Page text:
They also hold the combination to the lock that gets The Revival off to the right start, once they make their debut. It all needs to work like a staircase. Get Usos over as heels, get American Alpha over as your top babyfaces, bring in The Revival for the feud that gets them noticed, and hopefully by that point you have a few other teams in reserve who are properly positioned and adequately prepared for a program against whichever team comes out on top of that feud. Either way, both those teams end up in the “matters” category, and you can flip them to the other show and set up all new angles with fresh blood.

Not everybody can be in the right place at the right time, but American Alpha IS in the right place at the right time. The SmackDown tag division isn’t strong in the least, and we’ve already seen the apex of the Heath Slater-Rhyno team. WWE just can’t afford to let this one pass them by next week. There is such a dearth of numbers relative to the tag division, especially when credibility is factored in. How many R-Truth-Goldust, Fandango-Tyler Breeze pairings can we see in one week? Nothing against those guys, but they’re impossible to take seriously.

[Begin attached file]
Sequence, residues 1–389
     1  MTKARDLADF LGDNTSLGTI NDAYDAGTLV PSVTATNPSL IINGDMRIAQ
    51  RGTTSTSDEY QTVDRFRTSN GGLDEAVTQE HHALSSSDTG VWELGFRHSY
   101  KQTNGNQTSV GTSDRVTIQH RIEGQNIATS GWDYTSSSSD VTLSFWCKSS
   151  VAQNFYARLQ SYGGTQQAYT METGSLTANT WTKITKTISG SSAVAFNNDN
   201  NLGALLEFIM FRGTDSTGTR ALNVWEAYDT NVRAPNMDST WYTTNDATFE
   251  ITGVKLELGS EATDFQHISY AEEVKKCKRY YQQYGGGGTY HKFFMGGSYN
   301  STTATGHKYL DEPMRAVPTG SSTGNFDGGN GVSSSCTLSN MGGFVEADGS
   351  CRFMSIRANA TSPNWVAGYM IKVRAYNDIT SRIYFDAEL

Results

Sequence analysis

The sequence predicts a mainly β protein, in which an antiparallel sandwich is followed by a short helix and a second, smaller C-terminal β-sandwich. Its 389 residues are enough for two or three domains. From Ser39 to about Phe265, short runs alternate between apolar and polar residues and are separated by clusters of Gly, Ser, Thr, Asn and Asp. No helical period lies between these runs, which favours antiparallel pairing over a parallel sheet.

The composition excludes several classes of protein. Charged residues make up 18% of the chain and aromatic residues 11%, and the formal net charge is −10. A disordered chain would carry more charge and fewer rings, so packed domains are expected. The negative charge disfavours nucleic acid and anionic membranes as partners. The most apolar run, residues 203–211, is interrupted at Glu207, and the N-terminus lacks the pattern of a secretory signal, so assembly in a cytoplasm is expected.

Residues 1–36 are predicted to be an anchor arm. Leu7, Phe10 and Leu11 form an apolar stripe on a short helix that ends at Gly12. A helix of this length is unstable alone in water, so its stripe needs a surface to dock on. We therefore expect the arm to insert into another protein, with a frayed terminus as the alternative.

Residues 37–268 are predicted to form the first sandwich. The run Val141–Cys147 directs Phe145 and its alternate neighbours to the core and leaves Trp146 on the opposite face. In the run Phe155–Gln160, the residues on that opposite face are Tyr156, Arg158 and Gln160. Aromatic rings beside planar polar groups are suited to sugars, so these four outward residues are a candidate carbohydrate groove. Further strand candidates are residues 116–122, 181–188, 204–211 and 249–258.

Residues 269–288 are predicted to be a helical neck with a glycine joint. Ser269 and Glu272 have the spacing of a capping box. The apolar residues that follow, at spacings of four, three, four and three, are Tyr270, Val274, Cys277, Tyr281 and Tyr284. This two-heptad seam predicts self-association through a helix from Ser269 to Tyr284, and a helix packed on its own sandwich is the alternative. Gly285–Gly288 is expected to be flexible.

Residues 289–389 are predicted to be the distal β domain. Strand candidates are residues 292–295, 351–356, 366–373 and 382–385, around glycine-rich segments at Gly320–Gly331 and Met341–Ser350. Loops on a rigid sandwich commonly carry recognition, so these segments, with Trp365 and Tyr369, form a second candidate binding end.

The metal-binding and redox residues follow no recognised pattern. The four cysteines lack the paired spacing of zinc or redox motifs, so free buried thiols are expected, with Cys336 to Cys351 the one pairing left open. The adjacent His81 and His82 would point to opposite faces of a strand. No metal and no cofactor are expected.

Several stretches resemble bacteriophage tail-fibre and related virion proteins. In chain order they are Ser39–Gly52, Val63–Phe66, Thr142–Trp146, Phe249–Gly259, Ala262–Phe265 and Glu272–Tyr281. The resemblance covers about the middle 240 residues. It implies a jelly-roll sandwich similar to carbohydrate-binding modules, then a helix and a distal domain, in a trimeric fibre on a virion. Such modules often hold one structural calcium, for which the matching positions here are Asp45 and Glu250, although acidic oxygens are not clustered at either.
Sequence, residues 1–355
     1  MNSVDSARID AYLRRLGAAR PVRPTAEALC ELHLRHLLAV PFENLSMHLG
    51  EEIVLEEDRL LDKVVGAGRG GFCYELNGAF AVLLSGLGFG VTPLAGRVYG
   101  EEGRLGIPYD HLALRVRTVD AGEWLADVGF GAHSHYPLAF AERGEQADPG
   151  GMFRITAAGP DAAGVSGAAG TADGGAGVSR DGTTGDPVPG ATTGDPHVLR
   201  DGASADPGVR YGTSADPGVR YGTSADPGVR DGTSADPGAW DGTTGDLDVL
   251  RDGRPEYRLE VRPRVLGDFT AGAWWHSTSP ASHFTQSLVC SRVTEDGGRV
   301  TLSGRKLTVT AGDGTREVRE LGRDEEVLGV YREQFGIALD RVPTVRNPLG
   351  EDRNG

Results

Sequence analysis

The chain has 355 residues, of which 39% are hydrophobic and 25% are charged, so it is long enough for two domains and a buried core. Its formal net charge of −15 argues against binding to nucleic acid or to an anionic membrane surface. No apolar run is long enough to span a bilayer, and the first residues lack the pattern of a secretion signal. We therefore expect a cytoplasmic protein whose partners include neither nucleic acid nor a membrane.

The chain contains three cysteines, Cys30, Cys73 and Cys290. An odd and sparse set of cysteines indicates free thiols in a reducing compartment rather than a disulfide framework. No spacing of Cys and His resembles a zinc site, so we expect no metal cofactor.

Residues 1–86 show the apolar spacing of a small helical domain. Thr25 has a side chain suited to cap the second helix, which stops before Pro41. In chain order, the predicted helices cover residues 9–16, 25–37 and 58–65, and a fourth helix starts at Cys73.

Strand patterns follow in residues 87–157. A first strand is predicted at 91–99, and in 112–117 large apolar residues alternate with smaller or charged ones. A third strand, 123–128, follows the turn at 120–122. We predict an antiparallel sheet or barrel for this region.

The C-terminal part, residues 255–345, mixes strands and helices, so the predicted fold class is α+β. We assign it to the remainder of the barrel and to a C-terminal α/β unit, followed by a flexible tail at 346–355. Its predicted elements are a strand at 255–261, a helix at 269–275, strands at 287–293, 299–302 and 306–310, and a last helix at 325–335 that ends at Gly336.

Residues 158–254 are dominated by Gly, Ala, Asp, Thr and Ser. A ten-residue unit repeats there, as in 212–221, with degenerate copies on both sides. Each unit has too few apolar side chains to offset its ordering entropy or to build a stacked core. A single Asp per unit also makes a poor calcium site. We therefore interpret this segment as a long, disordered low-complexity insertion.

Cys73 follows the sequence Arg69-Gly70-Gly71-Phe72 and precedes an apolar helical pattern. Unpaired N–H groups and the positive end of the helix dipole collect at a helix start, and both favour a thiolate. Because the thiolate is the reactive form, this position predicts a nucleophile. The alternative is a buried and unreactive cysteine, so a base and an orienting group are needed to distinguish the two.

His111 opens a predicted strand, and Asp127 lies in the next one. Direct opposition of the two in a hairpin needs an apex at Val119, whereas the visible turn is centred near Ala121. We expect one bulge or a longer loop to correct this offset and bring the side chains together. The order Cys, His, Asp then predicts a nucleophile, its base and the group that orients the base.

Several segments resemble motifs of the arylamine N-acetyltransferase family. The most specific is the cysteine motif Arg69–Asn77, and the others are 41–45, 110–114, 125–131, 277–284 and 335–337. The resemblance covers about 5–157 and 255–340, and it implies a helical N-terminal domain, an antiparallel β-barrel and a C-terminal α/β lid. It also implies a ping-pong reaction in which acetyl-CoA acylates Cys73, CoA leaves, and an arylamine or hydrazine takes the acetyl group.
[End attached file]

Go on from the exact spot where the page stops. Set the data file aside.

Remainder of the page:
Everybody can’t be comedy, and right now, far too much of WWE is comedy. American Alpha is just a great tag team with a simple gimmick, comprised of two hungry, talented guys willing to make it work, and they’re on a show that badly needs them.

Survivor Series should be day one of the American Alpha “revival” (no pun intended, but I’m happy it exists) tour. This one is way too easy. Nobody could eff this thing up.

Hopefully.